Objectively Measured Sedentary Behavior and Physical Activity Across 3 Trimesters of Pregnancy: The Monitoring Movement and Health Study

in Journal of Physical Activity and Health
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Background: Though moderate- to vigorous-intensity physical activity is recommended, limited research exists on sedentary behavior (SED) during pregnancy. Methods: The authors conducted a prospective cohort study to describe objectively measured patterns of SED and activity during each trimester of pregnancy. Women wore thigh- (activPAL3) and waist-mounted (ActiGraph GT3X) activity monitors. SED and activity were compared across trimesters using likelihood ratio tests and described using group-based trajectories. Exploratory analyses associated SED and activity trajectories with adverse pregnancy outcomes and excessive gestational weight gain. Results: Pregnant women (n = 105; mean [SD] age = 31 [5] y; prepregnancy body mass index = 26.2 [6.6] kg/m2) had mean SED of 9.7, 9.5, and 9.5 hours per day (P = .062) across trimesters, respectively. Some activities differed across trimesters: standing (increased, P = .01), stepping (highest in second trimester, P = .04), steps per day (highest in second trimester, P = .008), and moderate- to vigorous-intensity physical activity (decreased, P < .001). Prolonged SED (bouts ≥ 30 min) and bouted moderate- to vigorous-intensity physical activity (≥10 min) were stable (P > .05). In exploratory analyses, higher SED and lower standing, stepping, and steps per day trajectories were associated with increased odds of adverse pregnancy outcomes (P < .05). No trajectories were associated with excessive gestational weight gain. Conclusions: Pregnant women exhibited stable SED of nearly 10 hours per day across pregnancy. Future research evaluating SED across pregnancy and adverse pregnancy outcome risk is warranted.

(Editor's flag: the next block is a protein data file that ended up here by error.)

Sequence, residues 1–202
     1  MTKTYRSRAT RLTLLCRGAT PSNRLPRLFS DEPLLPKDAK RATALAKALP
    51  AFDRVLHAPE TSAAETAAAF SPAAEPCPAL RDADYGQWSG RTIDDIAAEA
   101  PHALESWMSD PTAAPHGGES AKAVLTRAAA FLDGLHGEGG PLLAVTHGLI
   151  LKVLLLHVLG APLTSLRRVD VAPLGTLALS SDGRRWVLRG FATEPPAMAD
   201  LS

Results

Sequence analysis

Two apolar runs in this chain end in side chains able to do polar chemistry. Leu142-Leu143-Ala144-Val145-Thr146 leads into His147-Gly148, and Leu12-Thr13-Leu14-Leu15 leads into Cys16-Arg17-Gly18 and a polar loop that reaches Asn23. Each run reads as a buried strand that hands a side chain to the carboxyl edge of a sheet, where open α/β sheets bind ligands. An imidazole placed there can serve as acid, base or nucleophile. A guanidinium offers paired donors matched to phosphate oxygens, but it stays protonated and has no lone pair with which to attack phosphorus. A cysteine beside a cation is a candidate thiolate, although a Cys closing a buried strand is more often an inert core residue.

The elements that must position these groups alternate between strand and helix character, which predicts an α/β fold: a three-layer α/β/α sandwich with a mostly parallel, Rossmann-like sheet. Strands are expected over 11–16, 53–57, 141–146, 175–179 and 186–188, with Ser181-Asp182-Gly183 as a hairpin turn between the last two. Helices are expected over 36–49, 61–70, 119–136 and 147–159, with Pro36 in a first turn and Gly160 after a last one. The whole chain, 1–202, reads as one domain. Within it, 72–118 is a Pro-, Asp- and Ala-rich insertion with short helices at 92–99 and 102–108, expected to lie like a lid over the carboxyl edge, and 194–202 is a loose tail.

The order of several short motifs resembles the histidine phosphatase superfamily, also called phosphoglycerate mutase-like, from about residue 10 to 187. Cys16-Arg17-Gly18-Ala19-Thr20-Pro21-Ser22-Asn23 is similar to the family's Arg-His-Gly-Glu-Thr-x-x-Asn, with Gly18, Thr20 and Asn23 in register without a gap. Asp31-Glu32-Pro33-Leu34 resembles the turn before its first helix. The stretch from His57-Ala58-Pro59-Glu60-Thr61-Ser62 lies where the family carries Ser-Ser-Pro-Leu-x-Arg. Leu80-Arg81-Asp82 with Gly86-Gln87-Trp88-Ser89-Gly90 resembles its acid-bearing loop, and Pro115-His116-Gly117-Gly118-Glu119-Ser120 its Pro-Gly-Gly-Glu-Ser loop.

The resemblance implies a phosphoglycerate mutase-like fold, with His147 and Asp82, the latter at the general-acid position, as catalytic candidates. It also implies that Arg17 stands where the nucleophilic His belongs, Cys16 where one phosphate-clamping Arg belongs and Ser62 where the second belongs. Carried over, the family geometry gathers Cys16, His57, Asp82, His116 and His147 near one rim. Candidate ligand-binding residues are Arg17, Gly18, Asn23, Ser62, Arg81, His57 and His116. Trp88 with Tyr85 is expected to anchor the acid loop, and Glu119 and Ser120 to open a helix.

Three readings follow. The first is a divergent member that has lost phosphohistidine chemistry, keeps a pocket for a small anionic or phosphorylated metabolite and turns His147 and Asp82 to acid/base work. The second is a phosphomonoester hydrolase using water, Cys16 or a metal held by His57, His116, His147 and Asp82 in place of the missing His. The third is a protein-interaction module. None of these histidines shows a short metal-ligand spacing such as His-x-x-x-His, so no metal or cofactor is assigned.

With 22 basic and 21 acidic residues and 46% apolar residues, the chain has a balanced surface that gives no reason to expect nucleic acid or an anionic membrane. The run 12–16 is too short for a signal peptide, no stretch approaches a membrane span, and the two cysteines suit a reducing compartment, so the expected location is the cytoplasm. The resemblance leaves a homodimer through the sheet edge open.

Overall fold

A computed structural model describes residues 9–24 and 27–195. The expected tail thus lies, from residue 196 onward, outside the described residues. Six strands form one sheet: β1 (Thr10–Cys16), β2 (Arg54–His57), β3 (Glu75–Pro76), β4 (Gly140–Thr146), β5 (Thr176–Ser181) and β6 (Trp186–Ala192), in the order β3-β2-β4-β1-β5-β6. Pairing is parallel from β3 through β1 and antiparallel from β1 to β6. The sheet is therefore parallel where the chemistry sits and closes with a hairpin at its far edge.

Barone Gibbs, Jones, and Jakicic are with the Department of Health and Human Development, University of Pittsburgh, Pittsburgh, PA, USA. Jakicic is also with the Healthy Lifestyle Institute, University of Pittsburgh, Pittsburgh, PA, USA. Jeyabalan and Catov are with the Department of Obstetrics, Gynecology, and Reproductive Sciences, Magee-Womens Research Institute and Clinical and Translational Sciences Research Institute, University of Pittsburgh, Pittsburgh, PA, USA. Whitaker is with the Department of Health and Human Physiology, University of Iowa, Iowa City, IA, USA.

Barone Gibbs (bbarone@pitt.edu) is corresponding author.

Supplementary Materials

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